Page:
This paper is a report of a second round of RNA-Puzzles, a collective and blind experiment in three-dimensional (3D) RNA structure prediction. Three puzzles, Puzzles 5, 6, and 10, represented sequences of three large RNA structures with limited or no homology with previously solved RNA molecules. A lariat-capping ribozyme, as well as riboswitches complexed to adenosylcobalamin and tRNA, were predicted by seven groups using RNAComposer, ModeRNA/SimRNA, Vfold, Rosetta, DMD, MC-Fold, 3dRNA, and AMBER refinement. Some groups derived models using data from state-of-the-art chemical-mapping methods (SHAPE, DMS, CMCT, and mutate-and-map). The comparisons between the predictions and the three subsequently released crystallographic structures, solved at diffraction resolutions of 2.5-3.2 Å, were carried out automatically using various sets of quality indicators. The comparisons clearly demonstrate the state of present-day de novo prediction abilities as well as the limitations of these state-of-the-art methods. All of the best prediction models have similar topologies to the native structures, which suggests that computational methods for RNA structure prediction can already provide useful structural information for biological problems. However, the prediction accuracy for non-Watson-Crick interactions, key to proper folding of RNAs, is low and some predicted models had high Clash Scores. These two difficulties point to some of the continuing bottlenecks in RNA structure prediction. All submitted models are available for download at

    View details for DOI 10.1261/rna.049502.114

    View details for Web of Science ID 000356316200002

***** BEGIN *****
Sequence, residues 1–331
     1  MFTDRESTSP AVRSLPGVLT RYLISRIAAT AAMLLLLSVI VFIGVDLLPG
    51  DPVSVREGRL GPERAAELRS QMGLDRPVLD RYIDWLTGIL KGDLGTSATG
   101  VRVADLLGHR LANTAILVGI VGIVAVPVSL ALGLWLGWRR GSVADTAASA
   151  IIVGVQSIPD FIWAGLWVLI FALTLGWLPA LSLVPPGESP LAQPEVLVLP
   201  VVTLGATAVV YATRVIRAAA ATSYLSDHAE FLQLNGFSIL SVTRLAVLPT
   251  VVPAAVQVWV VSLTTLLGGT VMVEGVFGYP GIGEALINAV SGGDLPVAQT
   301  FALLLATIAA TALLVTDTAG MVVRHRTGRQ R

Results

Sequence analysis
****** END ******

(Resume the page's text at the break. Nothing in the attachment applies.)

• RNA regulons in Hox 5' UTRs confer ribosome specificity to gene regulation. Nature Xue, S., Tian, S., Fujii, K., Kladwang, W., Das, R., Barna, M. 2015; 517 (7532): 33-38


    Emerging evidence suggests that the ribosome has a regulatory function in directing how the genome is translated in time and space. However, how this regulation is encoded in the messenger RNA sequence remains largely unknown. Here we uncover unique RNA regulons embedded in homeobox (Hox) 5' untranslated regions (UTRs) that confer ribosome-mediated control of gene expression. These structured RNA elements, resembling viral internal ribosome entry sites (IRESs), are found in subsets of Hox mRNAs. They facilitate ribosome recruitment and require the ribosomal protein RPL38 for their activity. Despite numerous layers of Hox gene regulation, these IRES elements are essential for converting Hox transcripts into proteins to pattern the mammalian body plan. This specialized mode of IRES-dependent translation is enabled by an additional regulatory element that we term the translation inhibitory element (TIE), which blocks cap-dependent translation of transcripts. Together, these data uncover a new paradigm for ribosome-mediated control of gene expression and organismal development.

    View details for DOI 10.1038/nature14010

    View details for PubMedID 25409156

  • High-throughput mutate-map-rescue evaluates SHAPE-directed RNA structure and uncovers excited states. RNA (New York, N.Y.) Tian, S., Cordero, P., Kladwang, W., Das, R. 2014; 20 (11): 1815-1826